How to stop an implant-related lawsuit before it happens

By Rob Goszkowski, associate editor

September 26, 2011 -- SAN FRANCISCO - The specter of litigation can keep good dentists from adding dental implants to their treatment repertoire.

While implants can add another revenue stream to a practice, dental practitioners need to be aware of the associated risks, according to Burdick Ray, JD, an attorney in Irvine, CA, whose practice is focused on lawsuits involving dental implants.

During a presentation September 22 at the California Dental Association (CDA) fall session, Ray had plenty of advice for dentists who want to protect themselves.

For example, robust consent forms are essential, he emphasized.

"A good consent form will kill a lawsuit before it's filed," Ray said. It should completely cover the risks inherent to implant surgery, as well as the effects of post-treatment prescriptions. Infection, bleeding, sinus perforations, bone fractures, slow healing, and nonunion of the implant to the jaw, and permanent numbness should all be included as potential risk factors.

“A good consent form will kill a lawsuit before it's filed.”
— Burdick Ray, JD

" 'Permanent' is a key word," he noted.

Potential complications associated with anesthesia also should be included.

"That includes death," Ray said. "It's purely legal, but true! It only makes sense to cover this possibility with general anesthesia."

Interestingly, not using a cone-beam CT scanner can be a possible area of exposure to lawsuits if an implant procedure goes awry.

"Failure to offer cone-beam CT in many cases may be considered substandard care," Ray said.

Cone-beam CT should be offered regardless of a patient's ability to pay, he added. If the patient turns it down, he recommends providing written informed refusal or documenting the refusal in the patient's chart.

Informed refusal is critical for the entire treatment plan, Ray stressed.

"You must explain the plan, regardless of the patient's ability to pay," he explained. "Then you can inform them of the risks of refusing treatment and list alternatives."

Having patients sign an informed refusal form or their chart adds another layer of protection, he said. Samples of these forms can be found at In short, it should say, "Dr. ___ recommends this course of action." An option that states "refused to accept" with a signature line should appear at the bottom.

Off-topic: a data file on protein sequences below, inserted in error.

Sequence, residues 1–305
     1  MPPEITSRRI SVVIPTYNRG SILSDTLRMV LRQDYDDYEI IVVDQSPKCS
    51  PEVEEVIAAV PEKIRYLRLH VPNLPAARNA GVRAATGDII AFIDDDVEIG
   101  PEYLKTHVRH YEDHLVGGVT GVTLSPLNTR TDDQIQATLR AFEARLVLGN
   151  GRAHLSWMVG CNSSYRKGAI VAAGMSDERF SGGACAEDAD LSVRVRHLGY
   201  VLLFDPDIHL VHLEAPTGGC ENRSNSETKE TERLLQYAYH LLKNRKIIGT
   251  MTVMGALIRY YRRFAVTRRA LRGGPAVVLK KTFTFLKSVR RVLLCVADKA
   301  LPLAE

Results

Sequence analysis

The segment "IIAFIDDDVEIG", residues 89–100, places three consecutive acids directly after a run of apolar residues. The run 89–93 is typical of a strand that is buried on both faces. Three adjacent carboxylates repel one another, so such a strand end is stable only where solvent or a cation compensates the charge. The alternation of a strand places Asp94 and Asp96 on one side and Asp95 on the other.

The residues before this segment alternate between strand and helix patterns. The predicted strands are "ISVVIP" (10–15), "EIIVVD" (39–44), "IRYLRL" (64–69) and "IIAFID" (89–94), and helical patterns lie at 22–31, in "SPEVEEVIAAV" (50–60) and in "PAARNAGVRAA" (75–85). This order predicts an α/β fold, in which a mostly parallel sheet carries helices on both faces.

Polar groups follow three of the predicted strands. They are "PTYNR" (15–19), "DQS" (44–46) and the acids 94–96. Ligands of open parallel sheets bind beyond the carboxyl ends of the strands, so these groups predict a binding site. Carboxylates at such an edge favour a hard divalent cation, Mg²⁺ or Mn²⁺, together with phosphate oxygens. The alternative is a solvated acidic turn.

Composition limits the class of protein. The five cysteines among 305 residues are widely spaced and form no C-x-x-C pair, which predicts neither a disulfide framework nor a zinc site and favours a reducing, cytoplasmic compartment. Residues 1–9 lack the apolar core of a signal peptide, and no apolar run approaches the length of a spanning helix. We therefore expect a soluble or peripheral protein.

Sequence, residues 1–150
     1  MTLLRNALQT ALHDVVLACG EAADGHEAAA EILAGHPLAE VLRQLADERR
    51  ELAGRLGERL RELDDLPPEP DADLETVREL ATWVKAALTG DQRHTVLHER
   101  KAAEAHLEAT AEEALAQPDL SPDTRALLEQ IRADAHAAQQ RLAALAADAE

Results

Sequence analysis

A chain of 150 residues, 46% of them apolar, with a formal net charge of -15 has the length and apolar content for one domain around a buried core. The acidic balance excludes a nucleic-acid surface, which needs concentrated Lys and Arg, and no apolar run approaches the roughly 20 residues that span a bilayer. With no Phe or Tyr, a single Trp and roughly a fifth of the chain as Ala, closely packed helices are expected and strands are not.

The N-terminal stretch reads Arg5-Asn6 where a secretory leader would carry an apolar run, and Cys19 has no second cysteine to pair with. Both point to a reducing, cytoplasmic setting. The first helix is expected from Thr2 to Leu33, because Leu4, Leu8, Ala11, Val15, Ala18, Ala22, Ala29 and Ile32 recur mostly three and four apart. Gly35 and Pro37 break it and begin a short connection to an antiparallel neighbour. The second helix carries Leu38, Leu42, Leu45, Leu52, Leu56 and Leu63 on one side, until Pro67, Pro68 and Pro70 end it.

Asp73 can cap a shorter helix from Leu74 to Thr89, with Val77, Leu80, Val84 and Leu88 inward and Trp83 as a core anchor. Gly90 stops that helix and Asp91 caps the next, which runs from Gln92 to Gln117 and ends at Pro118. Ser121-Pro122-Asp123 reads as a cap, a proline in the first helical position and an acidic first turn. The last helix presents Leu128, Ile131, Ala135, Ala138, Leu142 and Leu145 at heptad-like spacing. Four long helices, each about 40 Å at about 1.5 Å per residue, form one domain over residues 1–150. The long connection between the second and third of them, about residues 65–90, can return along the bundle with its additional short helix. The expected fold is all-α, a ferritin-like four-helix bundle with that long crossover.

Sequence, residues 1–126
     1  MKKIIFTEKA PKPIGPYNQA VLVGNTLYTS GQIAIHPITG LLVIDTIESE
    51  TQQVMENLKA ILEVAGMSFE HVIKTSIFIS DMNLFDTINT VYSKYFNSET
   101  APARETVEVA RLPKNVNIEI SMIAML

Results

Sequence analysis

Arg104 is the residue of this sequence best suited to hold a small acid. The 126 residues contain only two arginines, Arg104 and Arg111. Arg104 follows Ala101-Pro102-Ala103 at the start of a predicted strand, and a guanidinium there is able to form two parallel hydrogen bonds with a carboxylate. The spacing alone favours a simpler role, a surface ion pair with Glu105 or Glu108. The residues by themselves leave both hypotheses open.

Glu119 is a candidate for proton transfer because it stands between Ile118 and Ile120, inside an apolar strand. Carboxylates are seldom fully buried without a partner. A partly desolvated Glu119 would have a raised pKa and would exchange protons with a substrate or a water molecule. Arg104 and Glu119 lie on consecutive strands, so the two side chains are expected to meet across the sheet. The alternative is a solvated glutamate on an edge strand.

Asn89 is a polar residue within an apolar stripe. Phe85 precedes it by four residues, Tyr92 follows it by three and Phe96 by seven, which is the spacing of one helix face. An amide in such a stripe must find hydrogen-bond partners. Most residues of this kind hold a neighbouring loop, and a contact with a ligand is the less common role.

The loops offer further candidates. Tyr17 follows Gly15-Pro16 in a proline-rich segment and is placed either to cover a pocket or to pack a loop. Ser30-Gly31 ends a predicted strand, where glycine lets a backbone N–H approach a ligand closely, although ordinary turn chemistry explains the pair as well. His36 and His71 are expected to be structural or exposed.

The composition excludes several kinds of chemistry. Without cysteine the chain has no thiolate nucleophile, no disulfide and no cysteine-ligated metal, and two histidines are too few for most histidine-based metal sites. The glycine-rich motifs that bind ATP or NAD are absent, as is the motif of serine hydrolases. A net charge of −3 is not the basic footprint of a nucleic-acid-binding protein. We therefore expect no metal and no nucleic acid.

Having the patient sign the informed refusal form is a nondelegable task, Ray warned. The front office staff can handle financial agreements but not informed consent forms. And the forms aren't much use if they aren't filled out, he noted.

"People who get sued don't fill in their forms completely," Ray said.

Proper documentation

Ray also discussed the importance of maintaining proper documentation and how dental records can be used in a lawsuit. It may seem like common sense, but "never alter records," he said. If you need to, draw a single line through it -- to show you're not hiding anything -- write in your new notes, and sign or initial it. There's no other way to do it."

Aside from obvious ethical implications of masking notations made on medical records, it is virtually impossible to fool the specialists that examine documents, according to Ray. He outlined a host of technologies and methods that are at the disposal of document examiners.

"Forensic experts -- don't mess with them," he said.

Case studies

To drive home his advice, Ray presented two case studies. In the first, a 46-year-old patient who was a friend of the dentist had a single implant replaced on an old three-unit bridge. The dentist positioned a 16-mm Sargon implant well into the inferior alveolar nerve canal. The error was not diagnosed for 15 months.

"When the dentist took x-rays, he thought, 'I'm not in the canal' and repeated the error, based on the appearance of the x-rays," Ray explained.

The proper diagnosis was finally made after 3D imaging was used, but the implant could not be removed due to flaring. The case was settled out of court.

"Order a cone-beam CT scan, or offer one," Ray urged. "Or at a least a Panorex. And get a cone-beam CT immediately once an altered sensation is reported."

The second case involved a 57-year-old musician who did not speak English. Weeks after an extraction, a panoramic image was taken; several days later, an implant was placed. The same process was repeated on the other side of the patient's mouth, but in this instance the dentist skipped the panoramic image. In addition, he used the same implant and did not remeasure. Subsequently, the patient reported numbness.

"The negligence was in mismeasuring," Ray said. "It's the earlier drilling that usually does the damage before the implant is even placed."

The dentist made several other mistakes, he added:

  • There was no witness to the signed consent form, which was not in the patient's language.
  • The treatment plan was also unsigned.
  • The dentist did not explain the risk of numbness to a musician whose mouth was crucial to playing an instrument that was the source of his livelihood.

While many practitioners are hesitant to get a second opinion from another doctor, getting one also can protect you, Ray noted.

"Don't let pride get in your way," he advised. "An oral surgeon is a good backup."

Copyright © 2011

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